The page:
Samarkand, Uzbekistan

prokudin-gorskii-14

This image is of a fabric merchant in Samarkand, Uzbekistan circa 1910. I love the color, the stark contrast between the exquisite fabrics and the drab wood of the shop itself. It is a lost time when you went to another country and actually felt that you were in a different place, the unfortunate part of globalization is that our world hasn’t become connected and a global character shared, it is just a sense of Western imposition.

I wish you could go through airports and see a man dressed like that, truly reflecting his culture, rather than the conformity of Western styles that we see today. Do you think it will ever be possible for that sort of change to occur? Will we ever truly be accepting of other cultures?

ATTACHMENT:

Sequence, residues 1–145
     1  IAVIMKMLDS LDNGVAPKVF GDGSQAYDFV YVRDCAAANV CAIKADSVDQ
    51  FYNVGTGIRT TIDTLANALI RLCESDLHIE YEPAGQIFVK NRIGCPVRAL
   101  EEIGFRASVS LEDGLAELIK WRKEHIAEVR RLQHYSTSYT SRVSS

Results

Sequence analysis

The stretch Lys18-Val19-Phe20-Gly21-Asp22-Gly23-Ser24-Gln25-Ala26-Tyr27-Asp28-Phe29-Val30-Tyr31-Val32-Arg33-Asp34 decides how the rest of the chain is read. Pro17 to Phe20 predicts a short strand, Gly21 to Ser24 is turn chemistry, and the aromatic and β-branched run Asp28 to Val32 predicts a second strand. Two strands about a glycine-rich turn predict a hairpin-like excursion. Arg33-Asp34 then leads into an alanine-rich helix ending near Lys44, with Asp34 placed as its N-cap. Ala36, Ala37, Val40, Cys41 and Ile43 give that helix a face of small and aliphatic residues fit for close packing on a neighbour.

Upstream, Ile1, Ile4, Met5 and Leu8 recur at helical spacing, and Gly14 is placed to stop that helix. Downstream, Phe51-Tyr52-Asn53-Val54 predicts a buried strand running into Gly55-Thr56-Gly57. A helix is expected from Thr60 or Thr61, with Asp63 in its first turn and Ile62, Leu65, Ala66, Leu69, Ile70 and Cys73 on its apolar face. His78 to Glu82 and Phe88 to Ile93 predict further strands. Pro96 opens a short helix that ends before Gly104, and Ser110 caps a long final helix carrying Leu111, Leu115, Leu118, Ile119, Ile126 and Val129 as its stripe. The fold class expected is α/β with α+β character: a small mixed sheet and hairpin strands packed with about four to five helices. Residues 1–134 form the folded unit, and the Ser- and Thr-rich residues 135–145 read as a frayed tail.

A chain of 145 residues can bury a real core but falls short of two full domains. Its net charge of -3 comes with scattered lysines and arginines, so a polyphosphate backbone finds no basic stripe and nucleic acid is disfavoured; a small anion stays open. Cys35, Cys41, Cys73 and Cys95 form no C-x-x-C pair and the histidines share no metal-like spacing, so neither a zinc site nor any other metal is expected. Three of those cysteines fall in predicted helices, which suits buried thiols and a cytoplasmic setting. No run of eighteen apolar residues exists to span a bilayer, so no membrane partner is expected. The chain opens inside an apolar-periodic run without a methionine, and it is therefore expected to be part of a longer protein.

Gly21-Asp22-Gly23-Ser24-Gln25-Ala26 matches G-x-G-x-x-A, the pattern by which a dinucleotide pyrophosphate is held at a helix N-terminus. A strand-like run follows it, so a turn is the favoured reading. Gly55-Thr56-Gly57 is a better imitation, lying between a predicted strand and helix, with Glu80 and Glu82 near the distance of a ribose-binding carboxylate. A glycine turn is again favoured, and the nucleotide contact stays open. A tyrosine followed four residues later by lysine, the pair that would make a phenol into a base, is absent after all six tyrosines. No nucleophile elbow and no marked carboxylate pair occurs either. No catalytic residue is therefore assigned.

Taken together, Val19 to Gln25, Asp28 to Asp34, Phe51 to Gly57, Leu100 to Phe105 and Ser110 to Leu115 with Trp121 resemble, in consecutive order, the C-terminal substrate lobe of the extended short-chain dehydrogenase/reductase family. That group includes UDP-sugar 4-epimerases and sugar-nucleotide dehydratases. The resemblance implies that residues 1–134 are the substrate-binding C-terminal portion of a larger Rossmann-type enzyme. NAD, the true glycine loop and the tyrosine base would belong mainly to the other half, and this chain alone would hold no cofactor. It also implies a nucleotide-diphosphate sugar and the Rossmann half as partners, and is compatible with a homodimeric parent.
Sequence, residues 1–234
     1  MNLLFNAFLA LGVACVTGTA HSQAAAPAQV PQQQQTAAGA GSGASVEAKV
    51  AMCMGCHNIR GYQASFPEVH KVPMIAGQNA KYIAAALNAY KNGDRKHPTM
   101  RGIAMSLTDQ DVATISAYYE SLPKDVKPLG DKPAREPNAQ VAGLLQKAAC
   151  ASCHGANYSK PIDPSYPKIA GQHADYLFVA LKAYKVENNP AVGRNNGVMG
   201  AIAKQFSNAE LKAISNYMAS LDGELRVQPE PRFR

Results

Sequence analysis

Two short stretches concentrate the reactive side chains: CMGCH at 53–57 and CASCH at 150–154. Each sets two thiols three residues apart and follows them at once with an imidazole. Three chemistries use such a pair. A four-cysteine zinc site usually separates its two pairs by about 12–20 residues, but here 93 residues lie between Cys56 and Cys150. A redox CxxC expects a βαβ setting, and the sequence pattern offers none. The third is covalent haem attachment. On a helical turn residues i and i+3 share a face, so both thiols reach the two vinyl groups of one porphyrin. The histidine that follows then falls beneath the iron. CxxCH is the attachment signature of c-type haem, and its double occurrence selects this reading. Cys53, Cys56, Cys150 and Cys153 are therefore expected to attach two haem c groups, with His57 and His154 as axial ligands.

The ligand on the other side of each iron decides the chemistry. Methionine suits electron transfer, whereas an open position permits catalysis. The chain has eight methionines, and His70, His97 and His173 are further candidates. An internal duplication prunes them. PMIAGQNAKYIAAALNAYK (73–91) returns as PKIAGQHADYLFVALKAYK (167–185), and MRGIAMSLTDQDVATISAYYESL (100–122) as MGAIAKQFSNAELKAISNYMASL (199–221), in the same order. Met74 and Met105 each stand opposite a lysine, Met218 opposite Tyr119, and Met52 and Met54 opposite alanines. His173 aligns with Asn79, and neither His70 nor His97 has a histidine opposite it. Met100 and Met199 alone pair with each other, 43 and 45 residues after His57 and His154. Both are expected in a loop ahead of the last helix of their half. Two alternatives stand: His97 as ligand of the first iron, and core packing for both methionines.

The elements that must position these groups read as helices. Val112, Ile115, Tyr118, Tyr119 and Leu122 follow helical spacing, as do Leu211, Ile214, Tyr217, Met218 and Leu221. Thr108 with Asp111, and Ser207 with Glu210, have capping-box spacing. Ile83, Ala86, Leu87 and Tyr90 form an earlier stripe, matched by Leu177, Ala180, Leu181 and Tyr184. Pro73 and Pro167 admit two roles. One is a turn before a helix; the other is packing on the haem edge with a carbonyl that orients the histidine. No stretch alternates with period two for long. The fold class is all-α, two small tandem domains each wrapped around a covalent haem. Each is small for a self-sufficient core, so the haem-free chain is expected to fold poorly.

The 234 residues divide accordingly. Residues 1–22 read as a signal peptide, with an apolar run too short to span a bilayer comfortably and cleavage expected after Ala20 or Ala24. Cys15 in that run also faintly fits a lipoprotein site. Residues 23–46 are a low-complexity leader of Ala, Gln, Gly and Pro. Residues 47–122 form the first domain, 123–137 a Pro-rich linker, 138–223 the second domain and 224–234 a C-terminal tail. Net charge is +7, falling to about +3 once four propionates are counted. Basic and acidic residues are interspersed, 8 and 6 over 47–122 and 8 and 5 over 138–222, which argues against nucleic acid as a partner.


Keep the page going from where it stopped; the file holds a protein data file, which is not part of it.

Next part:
One thing that I’ve noticed about “traditional dress” is that women tend to be able to wear their traditional clothing far more frequently than do men, why is that?

When we say that we as a society are truly open to different things, I wonder, are we really? Or are we only open to things that we can safely digest and understand without being afraid by something unknown to us? Why is a turban, a robe, or other forms of clothing derogatory? Are those really backward forms of clothing?

I wish for a day when we truly are a globalized society, instead of one that must fit a triangle in a square peg.

Osama Eisa

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